A Five Element View:
In preparing for spring, we begin with an understanding of how each season affects every other. Our sense of balance, as we go into the spring, is intricately connected to whether or not we took the time to rest in the winter (restore, be still, and go inward). Spring is associated with new growth and expansion–the time when the seeds begin to sprout and push upward to the sun with force. Likewise, there may be escalated agitation in individuals as the springtime inspires the urge to move forward and grow after the encapsulation of winter. New growth is dependent upon the rejuvenation of our deeper sources that occurred in the winter. Spring is associated with the liver in Chinese Medicine and with the emotion anger. The liver energy, when balanced, smooths our emotions. The autumn is the time of letting go. When the liver energy is stagnant, it will show up in the springs in the form of emotional outbursts, increased agitation, or emotional stagnation. The growth that occurs in the spring effects summer and late summer in the same way that a plant grows and produces fruits, flowers, and seed. Likewise, a person can bring the budding energies that arise in the spring to their full potential by living in harmony with the seasons.
The energy of spring is expansive and outward moving. It is time to start exercising and sweating more. Begin cooking and eating lighter meals. In wintertime, we would tend to bake our food to more deeply warm our bodies. In the spring, steaming and stir-frying are more appropriate. It is beneficial to eat more leafy greens (kale, dandelion, collards, mint). The sour flavor incorporated into the diet will help to balance the liver energy. Add good oils to your meals (flax oil, sesame oil, olive oil). It is best to add these oils to already cooked food to preserve quality. Eat what is locally grown and in season, as much as possible. Remain emotionally calm when eating, breathe deeply, and thoroughly chewing our food. Drink lots of fluids (add lemon to water). The spring is an ideal time of year to receive bodywork or acupuncture, to facilitate the body in opening and relaxing. To protect your liver, do your best to avoid toxicity in your foods and environment. Some things to avoid are:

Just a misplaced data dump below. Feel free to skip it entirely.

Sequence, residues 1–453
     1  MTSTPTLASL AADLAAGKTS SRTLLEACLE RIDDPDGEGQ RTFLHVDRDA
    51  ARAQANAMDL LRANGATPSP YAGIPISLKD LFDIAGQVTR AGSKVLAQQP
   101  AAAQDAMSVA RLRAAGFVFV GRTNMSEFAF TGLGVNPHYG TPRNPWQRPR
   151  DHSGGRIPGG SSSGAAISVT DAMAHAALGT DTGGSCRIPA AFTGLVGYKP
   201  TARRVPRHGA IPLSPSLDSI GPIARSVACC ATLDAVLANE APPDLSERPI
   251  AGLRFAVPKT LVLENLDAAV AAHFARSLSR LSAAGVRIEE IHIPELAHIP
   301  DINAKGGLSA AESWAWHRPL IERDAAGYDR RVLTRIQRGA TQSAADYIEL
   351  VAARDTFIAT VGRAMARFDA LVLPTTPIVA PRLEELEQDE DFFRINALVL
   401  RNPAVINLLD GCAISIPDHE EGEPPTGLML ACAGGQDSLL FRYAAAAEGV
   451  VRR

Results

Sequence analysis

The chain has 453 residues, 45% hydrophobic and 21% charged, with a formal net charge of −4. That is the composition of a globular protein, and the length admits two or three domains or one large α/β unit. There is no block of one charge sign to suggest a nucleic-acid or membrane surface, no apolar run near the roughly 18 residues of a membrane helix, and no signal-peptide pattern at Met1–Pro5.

-Chemicals, drugs, and alcohol.
-Refined sugars, processed foods, caffeine, large portions of meat, greasy/rich foods.
When in balance, we can make decisions and follow through with our creative visions. The spring is an ideal time of year for starting new projects. When the liver energy is weak, we may lack the ability to make decisions or follow through with them. On the contrary, an excessive expression of liver energy is workaholism to the point of neglecting the needs of our relationships. Physically, this is a time to assess the health of our nails, tendons, and eyes:
-Nails: healthy color, with a strong and smooth surface (not brittle or grooved).
-Tendons should be supple and flexible.
-The eyes should be clear and bright, without yellow or red in the whites.
-Emotionally we can assess our health by witnessing if we can healthily express our emotions, especially anger.
If you feel out of balance when spring arises, seek a Chinese Medicine treatment. A person may experience a variety of symptoms, such as foggy thinking or forgetfulness; tendon tightness; blurry, red, or dry eyes; lethargy; dry skin, skin itch, or rash. Also, a person can have rib-side pain (especially after eating while emotional), abdomen distention, diarrhea, or constipation. Emotionally the imbalance can often come as outbursts of anger or increased frustration.
Through harmonizing with the spring, we begin to feel energized, light, and open.
Enjoy your health and clarity!
Pitchford, Paul, “Healing with Whole Foods,” North Atlanta Books (Pub), 2002
Haas, Elson M., “Staying Healthy with the Seasons,” Celestial Arts (Pub), 2003
Five Branches University education